"Through singing, opera must make you weep, shudder, die."
What’s best about Bob’s new bookand I must admit right up front that he and I are old friends as well as our editorwriter relationshipis that through humor and his very readable writing style, he manages to defeat most of the trepidations or misconceptions or antiintellectual leanings that everyday folksnot aficionados who will also find much to like about this bookhave about this rather rarified art form.
This is in all likelihood the funniest book ever written about operaand I mean that in a good way. There are many instances when he breaks the looking glass and addresses the reader directly, often with the plea“Could I make this up?” The book’s cutlines, all penned by the author, are wickedly hilarious. Under a vintage black and white shot of Madame Butterfly dying next to her blindfolded child who waves an American flag, appears “Mom Commits Suicide; Baby Waves Flag.” And the beat goes on like that throughout the entire book.
In the introduction he sensibly begins, “This book is for anyone who has ever been curious about opera for any reason: whether you’ve discovered a sudden fondness for an aria used in a movie or an advertisement or an appealing singer seen on a billboard or a TV show, whether you’ve found yourself wondering how opera has lasted for more than four hundred years and seems to have recently caught on with new fervor, whether you want to know how to get into opera without causing any physical or mental harm to yourself or are simply tired of the singing on American Idol.”
But then comes the humor with a hip, new century edge, that in this and many other cases is used to disarm any fears that a novice opera fan may harbor about opera being too lofty or elite or stuffy for them to understand and/or like.
“This book is also for people who want smarter babies, the ability to earn big bucks in their spare time, to take advantage of foreclosed properties, and to learn a foreign language and have flatter abs without leaving the comfort of their own homes.”
Knowing the author as well as I do, his sense of mischief is the delightful sauce that gives his very meaty little tome its appealing flavor and ensures, as he mentions in an early chapter about opera history that, “the Hoi Polloi remain(ed) interested.”
Put into a very palatable, unthreatening form, the information and opinions here, all organized into easy to chew bites, make a lot of sense. What one reviewer called his “pithy, well-informed judgments,” (Mr. Levine is a longtime pith master) are level headed and generally very forgiving, at times perhaps too much so but then this is a book about loving opera. And despite his gentle joshing, the fact that the author genuinely loves the medium and revels in its many eccentricities is the radiant heart of the book. The section in the first chapter on why some do not like opera or are afraid of it is particularly enlightening as it works through a list of the most common objections, one at a time, each answer outlining the very essences of why opera can be so glorious. Priceless gems of fine writing abound throughout, with some turned to devious comic purpose-- and yes, because we are friends I probably find these instances more hilarious than most. Speaking to the ever popular perception that opera singers, male or female are all of the “Diva” persuasion, i.e. a selfobsessed pain the ass, Levine effectively demolishes this with curt common sense: “…who cares if they’re bratty—they’re not your siblings, they’re entertainers—but more important, it is no longer true.” Similarly, his suggestion that opera does not have to be a sonic death march is logical in the extremelisten to it in bits and then stop and digest. To anyone who’s been trapped inside the Metropolitan Opera in New York City for four hours enduring the company’s latest shameless marketing ploykeep them inside the building as long as possible and eventually they’ll buy a ten dollar bottle of waterthis is thankfully sound advice.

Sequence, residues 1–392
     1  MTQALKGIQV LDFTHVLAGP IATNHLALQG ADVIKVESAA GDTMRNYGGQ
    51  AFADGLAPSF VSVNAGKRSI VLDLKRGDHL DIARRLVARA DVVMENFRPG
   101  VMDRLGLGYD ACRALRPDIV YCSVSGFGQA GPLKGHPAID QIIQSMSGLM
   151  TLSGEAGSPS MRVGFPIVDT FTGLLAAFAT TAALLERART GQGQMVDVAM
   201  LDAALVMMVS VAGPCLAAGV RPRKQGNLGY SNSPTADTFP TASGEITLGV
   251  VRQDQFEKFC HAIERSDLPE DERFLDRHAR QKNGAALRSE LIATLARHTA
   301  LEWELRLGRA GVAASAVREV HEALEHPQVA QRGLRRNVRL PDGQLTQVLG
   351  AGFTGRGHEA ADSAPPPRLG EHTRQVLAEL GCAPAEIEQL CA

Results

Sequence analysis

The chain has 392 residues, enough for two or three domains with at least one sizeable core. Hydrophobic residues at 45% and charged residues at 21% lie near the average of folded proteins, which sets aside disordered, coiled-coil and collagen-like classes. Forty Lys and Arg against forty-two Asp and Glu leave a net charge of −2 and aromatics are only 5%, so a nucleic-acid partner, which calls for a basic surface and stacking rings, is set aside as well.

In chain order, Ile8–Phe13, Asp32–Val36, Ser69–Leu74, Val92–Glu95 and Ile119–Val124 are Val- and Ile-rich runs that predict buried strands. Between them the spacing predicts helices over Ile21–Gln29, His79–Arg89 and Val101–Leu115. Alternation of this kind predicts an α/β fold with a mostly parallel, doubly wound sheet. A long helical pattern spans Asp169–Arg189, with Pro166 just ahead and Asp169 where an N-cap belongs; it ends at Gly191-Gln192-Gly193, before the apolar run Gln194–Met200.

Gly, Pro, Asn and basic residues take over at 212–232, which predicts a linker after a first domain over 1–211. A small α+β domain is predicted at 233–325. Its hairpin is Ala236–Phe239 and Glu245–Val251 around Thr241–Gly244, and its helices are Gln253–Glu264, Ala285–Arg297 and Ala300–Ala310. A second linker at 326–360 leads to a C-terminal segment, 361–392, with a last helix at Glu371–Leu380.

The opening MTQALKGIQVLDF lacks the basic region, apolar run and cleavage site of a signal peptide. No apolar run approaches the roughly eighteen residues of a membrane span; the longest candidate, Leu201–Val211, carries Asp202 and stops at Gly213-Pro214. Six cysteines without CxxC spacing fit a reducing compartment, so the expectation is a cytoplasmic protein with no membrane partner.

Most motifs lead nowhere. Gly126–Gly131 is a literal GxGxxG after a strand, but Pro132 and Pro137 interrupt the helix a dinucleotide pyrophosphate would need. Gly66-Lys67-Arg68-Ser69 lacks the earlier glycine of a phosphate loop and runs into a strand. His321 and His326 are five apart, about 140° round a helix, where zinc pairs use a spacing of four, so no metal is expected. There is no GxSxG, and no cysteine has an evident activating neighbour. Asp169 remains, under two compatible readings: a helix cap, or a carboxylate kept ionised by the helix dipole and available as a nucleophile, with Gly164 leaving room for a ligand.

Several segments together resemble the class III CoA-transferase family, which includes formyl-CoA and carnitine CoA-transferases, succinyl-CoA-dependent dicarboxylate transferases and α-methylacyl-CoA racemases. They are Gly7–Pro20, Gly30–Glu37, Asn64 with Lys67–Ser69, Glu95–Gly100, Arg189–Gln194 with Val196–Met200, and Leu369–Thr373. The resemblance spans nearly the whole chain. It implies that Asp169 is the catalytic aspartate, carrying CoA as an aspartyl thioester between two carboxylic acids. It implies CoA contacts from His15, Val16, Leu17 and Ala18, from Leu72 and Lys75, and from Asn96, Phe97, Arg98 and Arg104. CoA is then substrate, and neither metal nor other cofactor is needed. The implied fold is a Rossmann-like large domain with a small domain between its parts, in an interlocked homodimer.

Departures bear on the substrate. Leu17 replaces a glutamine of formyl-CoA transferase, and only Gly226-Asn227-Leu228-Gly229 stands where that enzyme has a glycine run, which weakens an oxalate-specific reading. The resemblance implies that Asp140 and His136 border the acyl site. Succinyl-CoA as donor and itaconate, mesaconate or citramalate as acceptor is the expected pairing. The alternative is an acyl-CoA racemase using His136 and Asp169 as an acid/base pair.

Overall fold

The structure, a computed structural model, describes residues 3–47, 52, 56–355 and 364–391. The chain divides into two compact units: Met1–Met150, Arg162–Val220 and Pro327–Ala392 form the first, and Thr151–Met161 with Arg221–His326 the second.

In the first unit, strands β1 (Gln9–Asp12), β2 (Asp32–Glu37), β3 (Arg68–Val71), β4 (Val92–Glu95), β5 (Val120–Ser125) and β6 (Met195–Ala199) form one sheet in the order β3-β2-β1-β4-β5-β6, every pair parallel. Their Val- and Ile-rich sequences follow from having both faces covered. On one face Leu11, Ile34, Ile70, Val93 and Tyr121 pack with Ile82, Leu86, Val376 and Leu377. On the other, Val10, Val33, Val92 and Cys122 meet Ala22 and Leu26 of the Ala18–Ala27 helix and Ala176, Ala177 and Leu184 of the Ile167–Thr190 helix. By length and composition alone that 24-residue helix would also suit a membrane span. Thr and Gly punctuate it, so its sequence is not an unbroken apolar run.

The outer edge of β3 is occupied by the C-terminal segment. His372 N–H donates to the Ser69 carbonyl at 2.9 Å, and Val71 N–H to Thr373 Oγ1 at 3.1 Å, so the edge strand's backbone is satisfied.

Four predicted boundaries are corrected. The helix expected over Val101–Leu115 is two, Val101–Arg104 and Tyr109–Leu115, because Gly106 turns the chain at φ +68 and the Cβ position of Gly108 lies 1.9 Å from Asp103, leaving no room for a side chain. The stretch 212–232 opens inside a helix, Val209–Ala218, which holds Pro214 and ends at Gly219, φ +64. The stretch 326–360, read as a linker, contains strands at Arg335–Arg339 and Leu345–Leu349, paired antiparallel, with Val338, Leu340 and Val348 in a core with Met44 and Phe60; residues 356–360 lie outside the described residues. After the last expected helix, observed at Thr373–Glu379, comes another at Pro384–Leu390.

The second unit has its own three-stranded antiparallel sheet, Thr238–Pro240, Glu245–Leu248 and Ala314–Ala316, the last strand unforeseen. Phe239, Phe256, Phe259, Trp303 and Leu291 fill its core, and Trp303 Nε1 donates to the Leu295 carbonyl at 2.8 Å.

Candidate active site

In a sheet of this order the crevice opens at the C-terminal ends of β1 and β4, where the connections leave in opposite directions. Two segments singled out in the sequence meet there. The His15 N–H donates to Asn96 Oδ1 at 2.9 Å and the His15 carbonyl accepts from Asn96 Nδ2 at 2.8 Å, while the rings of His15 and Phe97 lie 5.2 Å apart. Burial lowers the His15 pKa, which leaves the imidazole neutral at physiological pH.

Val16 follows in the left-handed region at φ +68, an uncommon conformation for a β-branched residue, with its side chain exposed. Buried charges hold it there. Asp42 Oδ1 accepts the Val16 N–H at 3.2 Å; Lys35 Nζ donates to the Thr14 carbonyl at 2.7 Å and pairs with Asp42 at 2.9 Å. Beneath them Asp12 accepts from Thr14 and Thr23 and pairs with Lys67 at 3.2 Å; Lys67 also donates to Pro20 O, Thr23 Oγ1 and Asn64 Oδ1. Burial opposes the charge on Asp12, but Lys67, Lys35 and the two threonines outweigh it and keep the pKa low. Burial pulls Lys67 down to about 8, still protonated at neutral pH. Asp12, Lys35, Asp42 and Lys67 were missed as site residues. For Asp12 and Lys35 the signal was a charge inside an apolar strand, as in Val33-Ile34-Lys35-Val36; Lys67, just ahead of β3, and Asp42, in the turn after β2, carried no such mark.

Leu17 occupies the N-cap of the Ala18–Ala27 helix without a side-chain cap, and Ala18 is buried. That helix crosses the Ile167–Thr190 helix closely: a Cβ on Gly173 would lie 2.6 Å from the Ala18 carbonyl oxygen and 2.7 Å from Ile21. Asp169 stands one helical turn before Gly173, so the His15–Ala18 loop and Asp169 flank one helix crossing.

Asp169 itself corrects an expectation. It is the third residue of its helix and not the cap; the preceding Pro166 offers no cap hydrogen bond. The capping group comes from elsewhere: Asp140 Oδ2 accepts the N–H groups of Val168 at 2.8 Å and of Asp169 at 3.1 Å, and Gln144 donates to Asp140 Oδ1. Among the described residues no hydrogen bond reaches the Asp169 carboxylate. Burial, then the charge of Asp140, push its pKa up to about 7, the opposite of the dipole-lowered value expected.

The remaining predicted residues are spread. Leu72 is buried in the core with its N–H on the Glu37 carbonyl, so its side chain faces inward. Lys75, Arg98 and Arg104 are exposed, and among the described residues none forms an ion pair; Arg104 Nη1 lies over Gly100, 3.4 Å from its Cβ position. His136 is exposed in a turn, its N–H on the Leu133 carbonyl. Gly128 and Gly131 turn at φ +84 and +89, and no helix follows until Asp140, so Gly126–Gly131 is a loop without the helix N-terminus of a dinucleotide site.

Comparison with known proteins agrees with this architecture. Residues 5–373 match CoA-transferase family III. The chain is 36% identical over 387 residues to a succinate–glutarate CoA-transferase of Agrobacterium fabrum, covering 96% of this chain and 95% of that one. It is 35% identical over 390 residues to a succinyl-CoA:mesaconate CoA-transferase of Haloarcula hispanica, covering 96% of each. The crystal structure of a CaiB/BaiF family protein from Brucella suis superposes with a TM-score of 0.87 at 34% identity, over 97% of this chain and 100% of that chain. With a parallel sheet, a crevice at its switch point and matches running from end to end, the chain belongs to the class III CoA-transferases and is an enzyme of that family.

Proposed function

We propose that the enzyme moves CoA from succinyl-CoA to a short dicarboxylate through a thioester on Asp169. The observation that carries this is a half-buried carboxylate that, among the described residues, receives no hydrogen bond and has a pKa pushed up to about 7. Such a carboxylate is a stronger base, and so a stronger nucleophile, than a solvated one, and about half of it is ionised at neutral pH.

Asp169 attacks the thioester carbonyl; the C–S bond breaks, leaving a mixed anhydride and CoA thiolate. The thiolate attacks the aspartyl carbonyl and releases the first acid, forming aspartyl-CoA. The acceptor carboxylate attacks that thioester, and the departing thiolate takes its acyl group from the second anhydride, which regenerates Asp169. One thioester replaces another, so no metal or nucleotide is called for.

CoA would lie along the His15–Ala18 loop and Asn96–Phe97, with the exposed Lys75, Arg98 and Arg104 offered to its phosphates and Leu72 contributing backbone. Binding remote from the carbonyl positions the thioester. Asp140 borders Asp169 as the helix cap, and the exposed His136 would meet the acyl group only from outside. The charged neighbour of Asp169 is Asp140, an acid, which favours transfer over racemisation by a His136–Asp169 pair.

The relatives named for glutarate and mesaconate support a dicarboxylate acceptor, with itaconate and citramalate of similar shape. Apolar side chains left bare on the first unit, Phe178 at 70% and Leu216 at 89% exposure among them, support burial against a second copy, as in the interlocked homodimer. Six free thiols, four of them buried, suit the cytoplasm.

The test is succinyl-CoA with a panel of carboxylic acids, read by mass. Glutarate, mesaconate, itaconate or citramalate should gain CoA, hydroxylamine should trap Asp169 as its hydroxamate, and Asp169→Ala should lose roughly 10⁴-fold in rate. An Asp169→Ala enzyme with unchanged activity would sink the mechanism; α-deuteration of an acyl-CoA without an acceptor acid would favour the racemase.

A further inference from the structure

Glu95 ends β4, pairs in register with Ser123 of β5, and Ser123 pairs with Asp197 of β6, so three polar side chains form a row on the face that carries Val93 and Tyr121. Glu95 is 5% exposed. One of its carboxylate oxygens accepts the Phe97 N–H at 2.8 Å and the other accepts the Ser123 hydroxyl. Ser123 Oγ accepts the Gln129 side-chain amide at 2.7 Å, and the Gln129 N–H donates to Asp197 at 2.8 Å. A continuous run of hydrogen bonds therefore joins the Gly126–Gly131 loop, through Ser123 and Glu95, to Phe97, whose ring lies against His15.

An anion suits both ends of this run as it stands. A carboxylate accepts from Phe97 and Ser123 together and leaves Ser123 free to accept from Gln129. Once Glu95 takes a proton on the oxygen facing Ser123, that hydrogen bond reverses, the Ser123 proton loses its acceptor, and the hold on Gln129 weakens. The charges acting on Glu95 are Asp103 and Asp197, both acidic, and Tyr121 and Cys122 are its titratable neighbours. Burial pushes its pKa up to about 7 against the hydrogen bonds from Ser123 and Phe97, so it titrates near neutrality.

The book goes on to discuss 50 operas and how and what to love about them. Using repeated subheads like “Achtung! Moments,” (in the section on German operas) and "Far Morire" (in one on Italian Operas), Levine highlights the opera’s key moments. In the chapter on German operas, he clearly and with an interesting sprinkling of detail France’s Le Figaro called the Ring Cycle “the dreams of a lunatic”demystifies Wagner, which for many the novice fan would be reason enough to read this book. The long section on Italian Opera, (subtitled, “If you can hum it, it’s probably Italian,”) is particularly useful to novice and also the more experienced operagoer alike. Again, amidst the summarizing and compacting of information there are humanizing and in some cases tantalizing details that will hook those who think they know their opera. About Giacomo Puccini he writes, “A heavy smoker (lung cancer killed him) and womanizer (his wife tormented a local girl to suicide by accusing her of having had an affair with Giacomo;a postmortem autopsy found the girl to be a virgin)…”
One reviewer mentioned that the book concentrates too much on what might be called opera’s standard repertoire and in the process gives the twentieth century short shrift, but perhaps that’s grist for a further volume on the next 50 operas you need to see and hear. Writing for the uninitiated is often much harder than writing for an audience that already has all the context. And it’s really a trick if you can keep the final product from being something other than a tarted up version of Cliff Notes. In Weep, Shudder, Die Robert Levine who very successfully made orchestral music fun and understandable for children in his excellent kids book, The Story of the Orchestra: Listen While You Learn About the Instruments, the Music and the Composers Who Wrote the Music! has done that and more for the musical form he loves the most. Bravo!